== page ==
This is one of life’s greatest lessons. There will always be things we experience that we would never choose for ourselves, but we can look back and actually be grateful for the pain and suffering because it helped to create a better you. As St. Paul says, “we rejoice in our sufferings, knowing that suffering produces endurance, and endurance produces character, and character produces hope …”


How did these lessons factor into getting Because of Our Fathers published?

Well, the very first publisher I sent the idea to was as short and negative as he could be. He flat out thought it would not sell and seemed eager to tell me so. Perhaps I showed some of the perseverance learned in sports by not giving up. 

I was eventually introduced to Mark Brumley at Ignatius Press and received a much more positive response to the book idea. The final product, Because of Our Fathers, has been selling well. As a “New Release” it has been No. 1 on Amazon for the category “Christian Men’s Issues.”


In the conclusion of the book, you tell a story about sidewalk counseling. Have you experienced the same highs and lows of pro-life work that Father Alan Benander spoke of?

If you take an analogy from sports to sidewalk counseling, your record every year is a losing one. However, that doesn’t mean you stop giving your best effort to the mission at hand. 

Mother Teresa has that famous saying of how God does not ask us to be successful, but rather to be faithful. It can also be said that our real success on the sidewalk is found precisely in faithfulness. If saving every child from the sin of abortion is your only measure of success, you will quickly get discouraged. All you can do is learn from your failures, get better and never give up. I think Our Lord is pleased when that is our attitude in anything. 


Even though you were a practicing Catholic, you had a conversion of sorts. How does that story go?

The teachings and sacraments of the Catholic Church have aided me in a lifelong conversion that is most certainly ongoing. There was a period of time in my late 20s in which I made a more deliberate effort to understand the depths of Jesus Christ and what it means to be Catholic.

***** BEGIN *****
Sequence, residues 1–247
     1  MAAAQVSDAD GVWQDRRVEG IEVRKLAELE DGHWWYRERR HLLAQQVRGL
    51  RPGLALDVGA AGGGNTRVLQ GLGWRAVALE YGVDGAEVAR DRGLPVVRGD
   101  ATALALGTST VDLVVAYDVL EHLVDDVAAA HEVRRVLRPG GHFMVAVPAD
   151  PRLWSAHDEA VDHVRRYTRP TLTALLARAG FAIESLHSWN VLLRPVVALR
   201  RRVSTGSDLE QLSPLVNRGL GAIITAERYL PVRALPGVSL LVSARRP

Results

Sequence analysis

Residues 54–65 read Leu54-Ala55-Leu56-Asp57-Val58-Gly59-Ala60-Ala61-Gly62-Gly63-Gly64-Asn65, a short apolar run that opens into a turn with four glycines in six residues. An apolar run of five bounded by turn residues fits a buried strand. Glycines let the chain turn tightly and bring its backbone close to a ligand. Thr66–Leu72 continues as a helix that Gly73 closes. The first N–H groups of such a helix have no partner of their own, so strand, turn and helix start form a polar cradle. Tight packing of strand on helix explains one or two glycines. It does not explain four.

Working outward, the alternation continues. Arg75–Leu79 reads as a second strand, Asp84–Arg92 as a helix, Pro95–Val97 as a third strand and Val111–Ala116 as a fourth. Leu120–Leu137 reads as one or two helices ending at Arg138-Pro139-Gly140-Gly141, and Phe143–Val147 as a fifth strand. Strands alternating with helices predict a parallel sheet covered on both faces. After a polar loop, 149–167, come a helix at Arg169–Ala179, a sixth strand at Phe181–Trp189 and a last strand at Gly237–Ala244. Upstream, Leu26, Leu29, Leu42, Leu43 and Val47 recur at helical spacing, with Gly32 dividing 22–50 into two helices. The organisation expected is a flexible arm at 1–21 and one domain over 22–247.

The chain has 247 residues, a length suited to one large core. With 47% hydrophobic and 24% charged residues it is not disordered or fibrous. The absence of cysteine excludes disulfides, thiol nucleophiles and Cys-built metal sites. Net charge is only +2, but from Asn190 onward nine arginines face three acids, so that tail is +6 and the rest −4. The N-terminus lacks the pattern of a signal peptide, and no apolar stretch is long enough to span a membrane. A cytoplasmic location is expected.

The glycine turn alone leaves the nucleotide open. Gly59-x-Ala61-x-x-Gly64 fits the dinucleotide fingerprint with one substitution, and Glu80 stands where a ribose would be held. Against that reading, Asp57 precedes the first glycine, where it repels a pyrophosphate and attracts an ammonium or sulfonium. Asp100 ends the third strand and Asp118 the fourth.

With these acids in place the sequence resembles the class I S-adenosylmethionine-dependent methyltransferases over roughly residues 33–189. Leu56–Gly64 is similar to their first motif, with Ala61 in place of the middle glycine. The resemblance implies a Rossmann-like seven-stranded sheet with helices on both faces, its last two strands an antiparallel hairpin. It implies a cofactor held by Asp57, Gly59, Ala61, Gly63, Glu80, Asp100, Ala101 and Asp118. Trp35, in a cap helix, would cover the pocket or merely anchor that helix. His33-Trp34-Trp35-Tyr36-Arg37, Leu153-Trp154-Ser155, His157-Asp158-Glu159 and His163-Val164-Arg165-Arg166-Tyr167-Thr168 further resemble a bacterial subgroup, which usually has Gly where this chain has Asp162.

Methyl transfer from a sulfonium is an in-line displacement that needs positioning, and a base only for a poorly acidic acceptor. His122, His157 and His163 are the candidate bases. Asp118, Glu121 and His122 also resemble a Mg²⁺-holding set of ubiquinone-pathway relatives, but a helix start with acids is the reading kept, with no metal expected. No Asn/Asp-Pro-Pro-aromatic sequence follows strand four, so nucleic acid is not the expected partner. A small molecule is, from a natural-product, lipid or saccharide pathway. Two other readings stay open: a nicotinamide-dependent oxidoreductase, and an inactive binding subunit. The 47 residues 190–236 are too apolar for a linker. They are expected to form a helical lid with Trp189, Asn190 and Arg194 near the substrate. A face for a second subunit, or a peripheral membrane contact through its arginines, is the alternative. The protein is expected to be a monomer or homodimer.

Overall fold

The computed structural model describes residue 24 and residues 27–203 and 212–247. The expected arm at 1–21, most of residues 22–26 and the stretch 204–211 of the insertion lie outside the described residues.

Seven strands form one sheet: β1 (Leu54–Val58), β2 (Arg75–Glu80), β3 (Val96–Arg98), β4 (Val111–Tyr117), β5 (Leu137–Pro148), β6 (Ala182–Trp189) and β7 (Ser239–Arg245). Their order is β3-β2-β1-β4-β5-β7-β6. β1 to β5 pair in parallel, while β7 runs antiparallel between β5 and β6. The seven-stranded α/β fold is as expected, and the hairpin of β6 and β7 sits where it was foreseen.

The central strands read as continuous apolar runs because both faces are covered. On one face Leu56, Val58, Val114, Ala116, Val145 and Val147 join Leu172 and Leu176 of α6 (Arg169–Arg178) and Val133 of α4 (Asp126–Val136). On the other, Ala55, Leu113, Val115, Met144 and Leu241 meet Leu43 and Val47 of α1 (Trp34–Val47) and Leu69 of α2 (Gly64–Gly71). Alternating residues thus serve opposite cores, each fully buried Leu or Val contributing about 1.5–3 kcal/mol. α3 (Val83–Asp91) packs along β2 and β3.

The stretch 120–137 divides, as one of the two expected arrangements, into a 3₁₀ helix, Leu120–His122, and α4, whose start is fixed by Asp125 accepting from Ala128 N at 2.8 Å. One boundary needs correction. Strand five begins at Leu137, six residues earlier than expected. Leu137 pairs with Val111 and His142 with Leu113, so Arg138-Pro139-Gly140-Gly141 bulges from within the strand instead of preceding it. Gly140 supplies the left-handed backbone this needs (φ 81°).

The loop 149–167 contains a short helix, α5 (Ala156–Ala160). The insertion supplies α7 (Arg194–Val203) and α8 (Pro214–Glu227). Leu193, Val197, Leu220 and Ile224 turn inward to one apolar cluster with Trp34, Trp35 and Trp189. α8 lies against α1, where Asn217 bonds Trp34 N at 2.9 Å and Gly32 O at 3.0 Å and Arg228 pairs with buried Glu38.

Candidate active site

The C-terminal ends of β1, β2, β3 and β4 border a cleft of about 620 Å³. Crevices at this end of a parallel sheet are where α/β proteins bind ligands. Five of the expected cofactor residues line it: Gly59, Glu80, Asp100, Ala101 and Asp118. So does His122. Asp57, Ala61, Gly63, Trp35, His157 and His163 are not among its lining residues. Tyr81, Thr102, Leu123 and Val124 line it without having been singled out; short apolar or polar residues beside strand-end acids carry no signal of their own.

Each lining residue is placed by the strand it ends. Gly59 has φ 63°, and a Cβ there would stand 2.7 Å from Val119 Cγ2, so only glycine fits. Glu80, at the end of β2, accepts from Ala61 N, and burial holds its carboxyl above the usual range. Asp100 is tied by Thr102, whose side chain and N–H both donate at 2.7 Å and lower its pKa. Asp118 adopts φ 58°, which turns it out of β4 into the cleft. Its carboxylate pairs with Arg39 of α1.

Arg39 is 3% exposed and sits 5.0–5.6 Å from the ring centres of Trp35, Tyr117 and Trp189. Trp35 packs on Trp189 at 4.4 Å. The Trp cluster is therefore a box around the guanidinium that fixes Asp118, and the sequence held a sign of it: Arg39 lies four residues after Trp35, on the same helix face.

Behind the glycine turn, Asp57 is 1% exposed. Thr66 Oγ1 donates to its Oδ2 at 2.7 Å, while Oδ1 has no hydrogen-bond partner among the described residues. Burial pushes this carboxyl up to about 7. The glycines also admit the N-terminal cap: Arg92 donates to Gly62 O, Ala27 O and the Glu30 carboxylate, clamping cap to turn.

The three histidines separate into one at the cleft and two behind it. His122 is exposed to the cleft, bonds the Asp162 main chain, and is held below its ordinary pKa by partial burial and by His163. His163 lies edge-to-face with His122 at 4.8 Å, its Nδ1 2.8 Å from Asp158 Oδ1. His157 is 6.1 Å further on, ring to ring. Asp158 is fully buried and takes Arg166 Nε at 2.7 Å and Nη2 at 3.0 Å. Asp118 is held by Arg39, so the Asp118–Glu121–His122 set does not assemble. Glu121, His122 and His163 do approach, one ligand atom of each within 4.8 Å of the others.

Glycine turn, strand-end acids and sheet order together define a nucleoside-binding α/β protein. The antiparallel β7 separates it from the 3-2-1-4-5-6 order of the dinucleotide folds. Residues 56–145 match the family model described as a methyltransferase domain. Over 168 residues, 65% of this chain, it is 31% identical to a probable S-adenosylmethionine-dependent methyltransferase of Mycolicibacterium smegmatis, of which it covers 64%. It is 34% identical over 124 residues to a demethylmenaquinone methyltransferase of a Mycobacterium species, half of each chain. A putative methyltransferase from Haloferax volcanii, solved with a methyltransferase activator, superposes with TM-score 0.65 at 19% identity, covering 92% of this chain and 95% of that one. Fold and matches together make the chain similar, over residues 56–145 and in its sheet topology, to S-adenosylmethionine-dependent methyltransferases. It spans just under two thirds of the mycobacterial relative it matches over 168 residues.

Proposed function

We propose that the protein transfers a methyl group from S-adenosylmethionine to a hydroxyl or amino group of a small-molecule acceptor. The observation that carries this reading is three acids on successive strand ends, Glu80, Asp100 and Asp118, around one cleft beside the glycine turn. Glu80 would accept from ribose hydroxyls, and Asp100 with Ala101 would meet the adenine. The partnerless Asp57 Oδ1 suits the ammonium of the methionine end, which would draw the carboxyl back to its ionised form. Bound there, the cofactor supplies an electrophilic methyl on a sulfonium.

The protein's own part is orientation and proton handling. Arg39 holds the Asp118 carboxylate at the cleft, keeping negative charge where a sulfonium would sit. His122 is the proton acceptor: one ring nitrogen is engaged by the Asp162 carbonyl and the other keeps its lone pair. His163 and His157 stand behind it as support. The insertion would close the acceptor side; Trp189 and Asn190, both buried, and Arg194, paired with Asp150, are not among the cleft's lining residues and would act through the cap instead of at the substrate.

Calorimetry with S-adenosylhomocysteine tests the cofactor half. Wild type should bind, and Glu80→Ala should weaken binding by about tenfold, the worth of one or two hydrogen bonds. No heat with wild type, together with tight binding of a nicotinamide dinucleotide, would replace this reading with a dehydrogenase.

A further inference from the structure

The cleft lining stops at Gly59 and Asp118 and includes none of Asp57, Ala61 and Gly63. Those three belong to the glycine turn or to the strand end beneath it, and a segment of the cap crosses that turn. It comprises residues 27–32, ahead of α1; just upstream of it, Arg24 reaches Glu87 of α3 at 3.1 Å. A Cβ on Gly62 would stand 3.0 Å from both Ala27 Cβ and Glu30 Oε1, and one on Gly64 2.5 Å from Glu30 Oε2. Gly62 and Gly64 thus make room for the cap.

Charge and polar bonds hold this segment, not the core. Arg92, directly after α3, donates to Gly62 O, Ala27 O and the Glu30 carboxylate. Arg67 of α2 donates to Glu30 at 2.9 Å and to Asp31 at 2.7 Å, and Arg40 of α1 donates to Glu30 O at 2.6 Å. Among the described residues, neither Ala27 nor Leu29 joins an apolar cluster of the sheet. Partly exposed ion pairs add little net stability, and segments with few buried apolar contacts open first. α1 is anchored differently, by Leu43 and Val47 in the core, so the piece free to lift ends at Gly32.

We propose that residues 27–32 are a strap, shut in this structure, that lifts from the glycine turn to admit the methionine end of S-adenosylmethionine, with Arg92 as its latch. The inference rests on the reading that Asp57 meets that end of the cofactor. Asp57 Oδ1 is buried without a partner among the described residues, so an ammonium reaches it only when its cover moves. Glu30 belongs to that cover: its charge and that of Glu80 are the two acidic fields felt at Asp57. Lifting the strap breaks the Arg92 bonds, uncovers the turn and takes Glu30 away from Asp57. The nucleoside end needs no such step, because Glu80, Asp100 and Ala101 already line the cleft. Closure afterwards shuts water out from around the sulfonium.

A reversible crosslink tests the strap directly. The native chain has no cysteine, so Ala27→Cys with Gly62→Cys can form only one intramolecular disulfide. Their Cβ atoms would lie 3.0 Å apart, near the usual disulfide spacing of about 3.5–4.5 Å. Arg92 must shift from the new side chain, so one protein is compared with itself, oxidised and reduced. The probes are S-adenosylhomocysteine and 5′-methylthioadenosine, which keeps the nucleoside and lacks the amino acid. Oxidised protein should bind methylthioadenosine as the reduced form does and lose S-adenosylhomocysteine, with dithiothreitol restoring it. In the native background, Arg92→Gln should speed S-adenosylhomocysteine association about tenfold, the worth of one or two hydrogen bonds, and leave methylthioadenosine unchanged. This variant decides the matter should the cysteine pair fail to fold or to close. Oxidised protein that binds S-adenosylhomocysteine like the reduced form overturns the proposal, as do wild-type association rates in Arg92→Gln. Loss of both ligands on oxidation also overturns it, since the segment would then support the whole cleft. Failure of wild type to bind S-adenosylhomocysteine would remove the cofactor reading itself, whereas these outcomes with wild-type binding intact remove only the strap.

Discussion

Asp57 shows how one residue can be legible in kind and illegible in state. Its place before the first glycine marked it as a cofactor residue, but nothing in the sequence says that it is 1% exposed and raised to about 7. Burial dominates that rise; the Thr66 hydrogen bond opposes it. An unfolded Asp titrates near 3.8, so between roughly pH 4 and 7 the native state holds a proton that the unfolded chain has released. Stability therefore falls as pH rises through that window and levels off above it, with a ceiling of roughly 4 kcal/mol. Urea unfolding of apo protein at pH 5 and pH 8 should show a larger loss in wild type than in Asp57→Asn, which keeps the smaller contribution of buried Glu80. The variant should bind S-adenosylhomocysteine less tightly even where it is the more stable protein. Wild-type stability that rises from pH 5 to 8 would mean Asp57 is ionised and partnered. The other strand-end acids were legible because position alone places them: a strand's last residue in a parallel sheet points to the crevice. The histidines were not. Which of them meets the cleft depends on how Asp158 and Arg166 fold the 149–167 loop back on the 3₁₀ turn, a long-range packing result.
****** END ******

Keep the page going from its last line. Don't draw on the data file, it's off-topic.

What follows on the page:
I can remember a specific event that had a big impact on my approach to the faith: I was out with some friends late one night and I was encouraging one of them to do something morally compromising. When he refused, I asked, “Why? Who cares?” His response really shook me. “My parents,” he said. 

I thought about his answer a lot in the following days. It became clear to me that a good life was the ability to be virtuous, not because others are watching, but because you owe your life to others. Yes, to your parents, but ultimately to God. That really was a turning point in how I understood my life. 

I quickly turned to spiritual reading. I couldn’t believe how much deep philosophical and theological wisdom I had deprived my younger self of. Ironically, the top two books that helped me the most, at least early on, were written by Protestants. Mere Christianity by C.S. Lewis and The Case for Christ by Lee Strobel both clarified, for me, the logical and historical realities of being a follower of Christ. 

Those works led me to St. Augustine’s Confessions, Thomas à Kempis’ Imitation of Christ, Frank Sheed’s Theology and Sanity, the writings of St. Francis de Sales, Fulton Sheen, Pope Benedict and the early Church Fathers. I also enjoyed the works of the modern apologists like Scott Hahn, Tim Staples and Patrick Madrid. As others will tell you, it’s not long after reading such men that a person starts to understand the truth of the Catholic Church. 

One of the motivations for writing Because of Our Fathers is the overwhelming gratitude I felt to be born into the one, true faith. I cringe at the thought of other men giving up their lives in Christ after receiving such a priceless gift. 


What were some of the things that your “conversion” resulted in?

It resulted in trying to live closer to God, whose incomprehensible nature was made a little clearer to me, and in being more aware of my sinfulness. It also resulted in meeting my amazing wife, Nichole, which led to the joys of our lives, our children: Gerard, Fulton and EveMarie.

Why did you choose fatherhood as the topic of your book?

As I say in the book: Evangelize fathers, evangelize the world. Fathers are, by God’s design, responsible for passing on and protecting life. They’re the ones who start the lives of their children, and they’re the primary ones who guard their children from any danger that would prevent their lives from continuing.